Daniel Kolbo wrote:
> Larry Garfield wrote:
>> On Sunday 20 December 2009 10:45:45 am Daniel Kolbo wrote:
>>> Hello PHPers,
>>> This is a two part question:
>>> 1) Is it faster to include one file with lots of code, or many separate
>>> smaller individual files?  Assume the one massive file is merely the
>>> concatenation of all the smaller individual files.  (I am assuming the
>>> one massive file would be faster..., but i wanted to get confirmation).
>> Conventional wisdom is that the one big file is faster, since it requires 
>> one 
>> disk I/O hit instead of several.  HOWEVER, if you're only using a small 
>> portion of that code then it could be faster to load only the code you 
>> really 
>> need.  Where the trade off is varies with your architecture, the amount of 
>> code, ad how good the disk caching of your OS is.
>>> 2) Suppose php has to invoke the include function 100 times.  Suppose
>>> all files are on average the same size and contain the same number of
>>> instructions.  Would it be faster to include the same exact file 100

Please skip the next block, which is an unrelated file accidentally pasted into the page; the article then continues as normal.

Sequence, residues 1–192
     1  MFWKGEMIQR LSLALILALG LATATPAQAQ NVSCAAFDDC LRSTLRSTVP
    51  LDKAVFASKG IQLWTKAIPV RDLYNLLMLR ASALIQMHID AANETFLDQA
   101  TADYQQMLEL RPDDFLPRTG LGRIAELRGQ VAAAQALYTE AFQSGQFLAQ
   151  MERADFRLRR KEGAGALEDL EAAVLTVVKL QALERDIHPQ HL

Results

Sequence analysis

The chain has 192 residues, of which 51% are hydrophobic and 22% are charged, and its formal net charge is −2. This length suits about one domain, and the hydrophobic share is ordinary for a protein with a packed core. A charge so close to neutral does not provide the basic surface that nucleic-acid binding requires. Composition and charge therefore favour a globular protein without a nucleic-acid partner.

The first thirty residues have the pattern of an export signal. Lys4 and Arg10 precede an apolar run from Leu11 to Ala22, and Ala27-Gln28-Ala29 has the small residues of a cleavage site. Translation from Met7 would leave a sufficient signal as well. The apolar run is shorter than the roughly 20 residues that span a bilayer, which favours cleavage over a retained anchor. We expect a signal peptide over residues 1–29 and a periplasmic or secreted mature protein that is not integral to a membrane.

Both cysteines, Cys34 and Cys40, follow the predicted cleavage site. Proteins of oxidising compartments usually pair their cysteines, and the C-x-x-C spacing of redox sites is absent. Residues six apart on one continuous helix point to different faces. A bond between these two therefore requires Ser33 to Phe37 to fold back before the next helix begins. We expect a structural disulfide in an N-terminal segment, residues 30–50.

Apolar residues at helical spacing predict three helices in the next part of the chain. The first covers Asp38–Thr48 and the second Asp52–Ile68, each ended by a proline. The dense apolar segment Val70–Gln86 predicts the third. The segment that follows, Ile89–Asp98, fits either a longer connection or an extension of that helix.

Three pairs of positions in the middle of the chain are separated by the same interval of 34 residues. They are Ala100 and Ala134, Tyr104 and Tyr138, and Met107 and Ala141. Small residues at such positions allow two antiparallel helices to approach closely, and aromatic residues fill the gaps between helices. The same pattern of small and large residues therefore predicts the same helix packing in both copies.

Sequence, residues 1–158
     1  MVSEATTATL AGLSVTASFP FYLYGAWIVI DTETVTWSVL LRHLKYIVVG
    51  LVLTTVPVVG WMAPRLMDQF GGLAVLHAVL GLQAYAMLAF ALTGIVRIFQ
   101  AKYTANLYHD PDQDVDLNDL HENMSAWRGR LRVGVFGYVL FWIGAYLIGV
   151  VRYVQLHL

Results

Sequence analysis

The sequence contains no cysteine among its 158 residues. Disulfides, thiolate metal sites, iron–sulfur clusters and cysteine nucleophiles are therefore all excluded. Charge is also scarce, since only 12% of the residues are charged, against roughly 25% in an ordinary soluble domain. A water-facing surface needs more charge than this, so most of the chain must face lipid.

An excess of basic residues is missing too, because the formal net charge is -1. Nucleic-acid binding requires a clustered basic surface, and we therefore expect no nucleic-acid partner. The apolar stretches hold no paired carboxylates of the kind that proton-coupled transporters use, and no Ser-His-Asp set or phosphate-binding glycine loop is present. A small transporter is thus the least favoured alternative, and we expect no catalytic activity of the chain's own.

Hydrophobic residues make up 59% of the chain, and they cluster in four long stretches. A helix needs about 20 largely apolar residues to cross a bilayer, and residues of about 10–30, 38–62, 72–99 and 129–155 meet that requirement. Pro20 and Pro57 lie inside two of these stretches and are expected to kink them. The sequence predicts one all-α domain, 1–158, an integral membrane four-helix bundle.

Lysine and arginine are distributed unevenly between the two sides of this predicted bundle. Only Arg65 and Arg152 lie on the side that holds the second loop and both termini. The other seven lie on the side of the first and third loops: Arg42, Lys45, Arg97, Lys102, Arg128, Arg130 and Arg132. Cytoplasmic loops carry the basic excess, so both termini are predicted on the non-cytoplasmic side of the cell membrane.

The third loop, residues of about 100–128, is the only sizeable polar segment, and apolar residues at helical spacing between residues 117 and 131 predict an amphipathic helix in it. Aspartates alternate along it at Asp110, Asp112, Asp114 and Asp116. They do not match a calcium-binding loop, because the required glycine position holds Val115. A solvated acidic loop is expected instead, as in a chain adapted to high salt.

>>> times as opposed to 100 different file names?  Basically, does the
>>> engine/parser take any shortcuts if it notices that the file name has
>>> already been included once?
>> I'm pretty sure that PHP will recognize that it's already parsed that file 
>> and 
>> keep the opcode caches in memory, so it needn't hit disk again.  I've not 
>> checked into that part of the engine, though, so I may be wrong there.
> Thanks for the reply.
> For 2): I've often searched for php parsing documentation.  I love the
> php.net documentation.  However, i have yet to find an excellent source
> documenting the php parser/engine.  My searches always yield the zend
> website, but it doesn't seem like i can get very far from that page.
> Any suggestions on where i could learn more of the nitty gritty details
> of the php/zend behaviours?
> Thanks,
> dK
> `


I'm only replying because I've been down this route of taking everything
in to consideration countless times now.

Code optimisation, sql and db optimisation, database and web server
tuning all have a huge impact in comparison to the things your
considering, and as such should probably be given more weight.

Further, the next obvious steps are to get zend optimizer (which
optimizes the opcodes) then a good opcode cache; and finally cache all
the output you can so that php doesn't even have to come in to the
equation for most "hits".

Then, finally you get down to the bits you're considering for those
extra microseconds and the knowledge that you've done good; whether
it'll make any difference at this point or not is another issue :p

bit of light reading for you:


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